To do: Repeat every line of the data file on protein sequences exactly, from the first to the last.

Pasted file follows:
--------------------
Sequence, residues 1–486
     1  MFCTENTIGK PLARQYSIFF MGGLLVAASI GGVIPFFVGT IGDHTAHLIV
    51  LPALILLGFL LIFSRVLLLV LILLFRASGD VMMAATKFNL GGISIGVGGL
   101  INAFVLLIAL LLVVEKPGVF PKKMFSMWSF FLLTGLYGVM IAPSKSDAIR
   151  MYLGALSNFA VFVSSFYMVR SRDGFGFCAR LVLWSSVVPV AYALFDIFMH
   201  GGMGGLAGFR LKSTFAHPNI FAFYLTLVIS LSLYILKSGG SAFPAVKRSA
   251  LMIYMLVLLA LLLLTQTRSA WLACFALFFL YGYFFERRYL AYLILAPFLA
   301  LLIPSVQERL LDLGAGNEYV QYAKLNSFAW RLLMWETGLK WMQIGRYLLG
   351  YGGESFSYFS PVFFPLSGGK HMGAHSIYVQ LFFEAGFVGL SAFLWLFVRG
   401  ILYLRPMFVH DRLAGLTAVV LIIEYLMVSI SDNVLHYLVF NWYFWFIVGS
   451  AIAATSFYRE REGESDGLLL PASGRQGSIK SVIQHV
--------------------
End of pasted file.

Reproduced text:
Sequence, residues 1–486
     1  MFCTENTIGK PLARQYSIFF MGGLLVAASI GGVIPFFVGT IGDHTAHLIV
    51  LPALILLGFL LIFSRVLLLV LILLFRASGD VMMAATKFNL GGISIGVGGL
   101  INAFVLLIAL LLVVEKPGVF PKKMFSMWSF FLLTGLYGVM IAPSKSDAIR
   151  MYLGALSNFA VFVSSFYMVR SRDGFGFCAR LVLWSSVVPV AYALFDIFMH
   201  GGMGGLAGFR LKSTFAHPNI FAFYLTLVIS LSLYILKSGG SAFPAVKRSA
   251  LMIYMLVLLA LLLLTQTRSA WLACFALFFL YGYFFERRYL AYLILAPFLA
   301  LLIPSVQERL LDLGAGNEYV QYAKLNSFAW RLLMWETGLK WMQIGRYLLG
   351  YGGESFSYFS PVFFPLSGGK HMGAHSIYVQ LFFEAGFVGL SAFLWLFVRG
   401  ILYLRPMFVH DRLAGLTAVV LIIEYLMVSI SDNVLHYLVF NWYFWFIVGS
   451  AIAATSFYRE REGESDGLLL PASGRQGSIK SVIQHV